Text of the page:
Cohen ML, Potter M, Pollard R, Feldman RA. Turtle-associated salmonellosis in the United States. Effect of Public Health Action, 1970 to 1976. JAMA. 1980;243:1247–9. DOIPubMed

Centers for Disease Control and Prevention. Turtle-associated salmonellosis in humans—United States, 2006–2007. MMWR Morb Mortal Wkly Rep. 2007;56:649–52 .PubMed

National Association of State Public Health Veterinarians, Inc. Compendium of measures to prevent disease associated with animals in public settings, 2011: National Association of State Public Health Veterinarians, Inc. MMWR Recomm Rep. 2011;60(RR-04):1–24.

Siloed agencies hindered in efforts to fight animal-to-human diseases

The multiple agencies in the U.S. at the local, state and federal level – operating in their own silos – is restricting public health efforts to control zoonoses.

New York University sociologist Colin Jerolmack found even though many newly emerging infectious diseases readily spread from one species to another, “agency members interpret certain diseases as ‘livestock diseases’ or ‘wildlife diseases,’ and they view categories of animals outside their purview as irrelevant to their institutional prerogatives. Consequently, there is little sense of mutual understanding and common goals – and thus little coordination – across these various organizations.”

Jerolmack’s study, which appears in the journal Sociology of Health and Illness, examined the following agencies and departments: a state Department of Health (DOH); the Department of Agriculture (USDA); a state Department of Wildlife; a state Department of Agriculture; and the Centers for Disease Control and Prevention (CDC). Through interviews with agency or departmental personnel, he looked at how the distinct organizational cultures of these agencies produced incompatible or even competing agendas that hampered efforts to respond to zoonoses—infectious diseases that can be passed between species.

Jerolmack’s interviews revealed several instances in which agencies and departments adopted a siloed, rather than cooperative, approach when faced with zoonoses:

• A state Department of Agriculture official who bristled at efforts to remove livestock that may have posed a health risk to residents because, “We’re here to support anyone doing farming [and] keeping animals… We want people to continue keeping animals on their property.”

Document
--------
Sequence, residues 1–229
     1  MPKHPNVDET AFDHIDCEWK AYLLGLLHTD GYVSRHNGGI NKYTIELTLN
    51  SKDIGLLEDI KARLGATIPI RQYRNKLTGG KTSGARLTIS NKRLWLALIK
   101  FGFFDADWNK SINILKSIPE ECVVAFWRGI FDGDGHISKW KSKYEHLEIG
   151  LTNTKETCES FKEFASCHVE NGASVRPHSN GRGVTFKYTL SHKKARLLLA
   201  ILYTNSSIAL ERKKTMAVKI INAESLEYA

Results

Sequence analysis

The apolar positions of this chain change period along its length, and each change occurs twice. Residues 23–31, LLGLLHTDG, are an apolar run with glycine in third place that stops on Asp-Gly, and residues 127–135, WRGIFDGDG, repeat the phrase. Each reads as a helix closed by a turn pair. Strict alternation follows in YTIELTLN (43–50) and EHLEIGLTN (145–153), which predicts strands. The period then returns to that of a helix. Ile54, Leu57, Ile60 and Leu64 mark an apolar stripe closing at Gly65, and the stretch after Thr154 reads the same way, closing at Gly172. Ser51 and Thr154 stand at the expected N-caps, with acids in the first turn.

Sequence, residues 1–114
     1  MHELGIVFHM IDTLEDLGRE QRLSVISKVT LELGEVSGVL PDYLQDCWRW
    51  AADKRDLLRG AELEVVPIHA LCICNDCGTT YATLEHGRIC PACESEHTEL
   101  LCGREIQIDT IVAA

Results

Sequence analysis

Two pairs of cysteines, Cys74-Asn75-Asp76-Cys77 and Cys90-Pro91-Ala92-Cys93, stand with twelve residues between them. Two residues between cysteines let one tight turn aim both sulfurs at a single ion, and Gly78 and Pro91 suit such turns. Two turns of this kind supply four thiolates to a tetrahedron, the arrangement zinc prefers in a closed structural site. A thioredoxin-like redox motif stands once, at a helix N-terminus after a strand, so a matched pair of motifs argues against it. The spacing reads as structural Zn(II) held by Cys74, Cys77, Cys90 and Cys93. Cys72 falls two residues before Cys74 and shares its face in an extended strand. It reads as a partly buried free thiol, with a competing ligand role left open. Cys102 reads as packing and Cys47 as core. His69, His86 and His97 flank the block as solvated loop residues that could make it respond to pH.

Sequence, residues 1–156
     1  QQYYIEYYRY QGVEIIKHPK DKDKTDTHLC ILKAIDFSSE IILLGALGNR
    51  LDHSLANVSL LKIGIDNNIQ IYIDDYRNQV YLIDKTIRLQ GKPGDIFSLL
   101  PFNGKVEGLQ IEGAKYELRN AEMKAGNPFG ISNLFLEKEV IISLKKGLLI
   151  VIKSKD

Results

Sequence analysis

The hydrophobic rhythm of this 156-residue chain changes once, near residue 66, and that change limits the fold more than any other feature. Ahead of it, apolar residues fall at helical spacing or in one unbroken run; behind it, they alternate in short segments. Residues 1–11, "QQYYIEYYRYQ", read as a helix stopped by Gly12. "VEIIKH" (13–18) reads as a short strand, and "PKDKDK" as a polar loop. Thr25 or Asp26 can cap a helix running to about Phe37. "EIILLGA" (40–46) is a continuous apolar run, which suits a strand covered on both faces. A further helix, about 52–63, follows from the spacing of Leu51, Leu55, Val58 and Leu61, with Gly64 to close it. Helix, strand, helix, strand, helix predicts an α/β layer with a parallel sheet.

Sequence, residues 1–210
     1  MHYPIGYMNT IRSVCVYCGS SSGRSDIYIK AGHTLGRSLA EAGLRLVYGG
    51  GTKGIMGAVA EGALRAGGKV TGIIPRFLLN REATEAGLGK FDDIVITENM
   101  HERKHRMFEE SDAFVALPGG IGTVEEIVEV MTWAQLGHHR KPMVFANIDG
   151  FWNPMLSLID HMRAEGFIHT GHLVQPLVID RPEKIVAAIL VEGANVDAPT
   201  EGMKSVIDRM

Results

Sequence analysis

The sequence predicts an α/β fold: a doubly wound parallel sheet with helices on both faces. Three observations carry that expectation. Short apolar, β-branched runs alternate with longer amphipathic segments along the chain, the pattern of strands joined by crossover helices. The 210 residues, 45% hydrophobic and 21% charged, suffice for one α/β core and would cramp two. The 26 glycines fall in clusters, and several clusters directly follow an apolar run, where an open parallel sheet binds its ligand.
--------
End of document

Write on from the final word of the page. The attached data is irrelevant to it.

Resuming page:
• “Strained” relationships between a state’s Department of Health and Department of Agriculture “sometimes meant that the DOH did not receive information on circulating diseases in animals that may become a problem for humans later on.” A DOH employee, noting that bird flu strains, particularly those found in livestock, can mutate quickly, said such outbreaks should be considered vital public health information—a view not shared by that state’s Department of Agriculture.

• A city public health official, responding to an outbreak of salmonella, did not turn to the state’s Department of Agriculture, the USDA, or any other agencies involved in animal health for help or information. Nor did it share information with them. The official “mentioned the need to change residents’ cultural practices, but neglected veterinary medicine solutions,” Jerolmack recounts.

• The same agency adopted a siloed approach in addressing other zoonoses, such as Lyme disease and West Nile virus: “It did not regularly communicate with animal agencies or analyze surveillance data on disease outbreaks in animals, but instead responded with medical and educational campaigns once one or more people became infected,” Jerolmack writes.

Jerolmack notes the CDC has recognized the need to do a better job of building relationships with the veterinary world. In 2006, it created the Geographic Medicine and Health Promotion Branch, which tracks the flows of both humans (as travelers) and animals (as they are imported or exported), and its director, Dr. Nina Marano, is a veterinarian. He adds that during an outbreak of rabies in the 1990s, state agencies worked together to stem the tide of the disease—a response he views as an “example of the successful alignment of priorities and action among the myriad agencies responsible for human and animal health.” However, his study found these instances to be the exception rather than the norm.

Gonzalo Erdozain: TV doctors are not real doctors; don’t know jack about risks involved with petting zoos

Unfortunately, TV doctors are often idolized and imitated. Seeing Ellen Pompeo (Meredith Grey from Grey’s Anatomy) take her almost two-year-old daughter to a petting zoo demonstrates there is a long way to go reducing zoonotic diseases transmission and prevention awareness at petting zoos.

Children under the age of five are considered a high-risk group, add a pacifier, petting a baby goat, and a rabbit, and there is a high-risk situation for zoonotic disease transmission. Baby ruminants and poultry intermittently excrete substantial numbers of germs, which is why it is not recommended to have these young animals at petting zoos. Pacifier, bottles, or any items that will end up in the visitor’s mouth are all conduits for the fecal-oral route of exposure to pathogens. Keep children under five on your arms at all times, prevent strollers and baby items from entering the human-animal contact areas, and if you pet an animal, thoroughly wash your hands with soap and water afterwards.